SSD's still promise performance that they can't deliver - at least not sustained... But with OP'ing; they haven't failed me totally (not since I OP'd the first Intel SSD I tried that on 5 or 6 years ago...). But what they don't do is increase my productivity greatly, given the 'scores' they can post vs. HDD's (even over a mechanical storage subsystem that is also properly and optimally setup). Why do I use them then? Mainly because the cost difference is within my budget and any increase in actual performance is effectively a bonus (yeah; there are a few places where they shine; pdf editing, database manipulations, Scratch/Temp disks @ 50% OP'ing - but those few examples do not make up a large portion of my workflows/workloads, overall). There are other reasons I use them too (i.e. my competitors use them; I have too) but HUGE jumps in productivity? No, not there yet (or ever).

    Optane promises to change that, drastically. If not today; soon (enough). Disruptive change that will change the face of compute forever.

    Don't concentrate too much on the raw 'scores' when you want to compare a new product. In actual workloads, even compromised by the PCIe bus today, there is nothing that comes close to Optane - look at post 3 again.

    Think of it like enjoying up to 240FPS in your favorite game with the currently best gpu available and a new gpu card comes out that offers 150FPS. You'd scoff, immediately. Yet; if you delve a little deeper (or; just used the new component in your actual workflows for a few days...); you may find that the 240FPS gpu is actually a maximum and fluctuates from 120FPS to even a low of 20FPS minimums - while the new card gives 150FPS - sustained performance that barely fluctuates. This is what Optane is to NVMe based nand drives today.

    Intel doesn't have to develop a new PCIe increase - they've already written it off (as they should - look at the slides again above). What they already have and are working towards is the RAM interface. No storage drivers involved. More direct access to the CPU registers. Effectively HUGE amounts of RAM vs. DIMM - and all this at lower prices than previous components too.

    This will rewrite the time honoured equation of CPU + RAM = Work done
    to: CPU + Persistent Storage + RAM = Work DONE ;)

    A cursory look at this new tech and the products now offered may give some here reason to write this off as another Intel money grab. Giving very little and charging a lot for it.

    The truth is a little more complicated than that. Moving forward on Optane without making money isn't doing anyone favors - yeah; not even us mere consumers. Taking the time to put the required systems in place - at the O/S and programming levels - is more important than spewing out products without a plan.

    I don't claim to know Intel's plans any more than anyone else. But what they do show us makes me confident that Intel is taking care of me (i.e. their customers) because they're taking care of themselves - as they should.

    After all, I'm not going to invent, market and monetize a new type of memory... all the while keeping investors, customers and everyone in between happy - and also while not bankrupting the company to do so.

    But I will be willing to buy all that I can from everything I've seen so far. :)


     
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  8. hmscott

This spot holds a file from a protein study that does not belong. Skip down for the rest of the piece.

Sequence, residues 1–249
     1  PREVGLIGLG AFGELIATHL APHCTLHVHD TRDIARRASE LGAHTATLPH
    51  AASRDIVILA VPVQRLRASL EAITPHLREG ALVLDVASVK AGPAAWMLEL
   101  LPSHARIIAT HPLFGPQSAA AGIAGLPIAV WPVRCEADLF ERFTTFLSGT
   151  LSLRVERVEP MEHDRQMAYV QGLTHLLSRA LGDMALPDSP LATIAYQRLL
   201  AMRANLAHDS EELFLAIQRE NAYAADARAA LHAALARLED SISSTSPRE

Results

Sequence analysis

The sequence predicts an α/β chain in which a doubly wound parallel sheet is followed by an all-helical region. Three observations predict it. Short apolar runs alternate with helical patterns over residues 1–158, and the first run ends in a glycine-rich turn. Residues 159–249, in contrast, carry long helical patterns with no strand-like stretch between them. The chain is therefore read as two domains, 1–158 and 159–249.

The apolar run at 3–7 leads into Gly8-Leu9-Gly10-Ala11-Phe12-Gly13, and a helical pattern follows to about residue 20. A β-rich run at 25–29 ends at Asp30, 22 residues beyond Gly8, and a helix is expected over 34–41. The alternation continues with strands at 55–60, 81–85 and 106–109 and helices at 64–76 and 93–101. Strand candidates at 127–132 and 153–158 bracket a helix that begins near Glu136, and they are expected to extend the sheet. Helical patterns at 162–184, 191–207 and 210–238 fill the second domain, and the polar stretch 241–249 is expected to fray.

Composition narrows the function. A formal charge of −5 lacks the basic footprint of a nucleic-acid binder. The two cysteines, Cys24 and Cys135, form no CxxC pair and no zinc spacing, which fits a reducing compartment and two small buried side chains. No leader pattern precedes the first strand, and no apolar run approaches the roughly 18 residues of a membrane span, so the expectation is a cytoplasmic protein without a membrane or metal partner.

hmscott Notebook Nobel Laureate

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    Well then, you are also saying not to buy what is being shipped today? As it's running now and benchmarking now, it's not the true promise of Optane as Intel is working toward.

    That's what I was saying too :)
     
  9. tilleroftheearth

    tilleroftheearth Wisdom listens quietly...

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    :)

    Nah; I didn't say that.

    Baby steps, baby steps.

    What is supposed to be shipping today (which I can't source, currently, btw...) is still leaps and bounds above what we had before Oct 27, 2017. In price, in performance and in usability in the types of systems we all have running today.

    Like I keep saying; directly compare a new component/platform in the exact same workflow/workloads you'd use in your current platform and it* will speak for itself. *it = 'is it worth it'.

    Given what I researched so far; I can't see how Optane SSD's (even at a 'puny' 280GB size) would be considered 'not worthy' in my DT workflows.

    Ideally, I would have 1 for my O/S + Program drive, I would have another few for my Scratch/Temp disks - and I could even have one or two for my WIP (work in progress) drives. But now, the situation has changed. We're not talking one drive - we're talking a handful or two of them ($$$$$) - and, I'd want the 480GB models throughout... - That puts the storage subsystem at a price level of the rest of the platform, or higher. Now multiply that by the number of platforms I'd need that on (a few dozen). That is why I don't buy blindly or on 'faith'. ;)

    If/when I'm able to work on such a setup as described above, I'll know if doubling the cost of the platform is worth doing for my workloads/workflows. But right now? Even a single 480GB Optane SSD driving the O/S + Programs seems to offer enough extra oomph for a mere ~$600 above what any PCIe x4 SSD can today to be called 'worth it' to me, personally (I value 'snap', very highly).

    When they're available from my favorite sources; I'll be able to answer those questions for myself.

    Right now; patience is all that is required on my part. ;)

    But to ignore the potential increase in productivity offered by any current product is not in any way shape or form what I said or meant. :)

     
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  10. hmscott

    hmscott Notebook Nobel Laureate

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    Well then, when you get your Optane units in house, please be sure and post benchmark and work-flow results so we can all gauge whether paying 5x as much for the same sized storage is worth it for our use. :D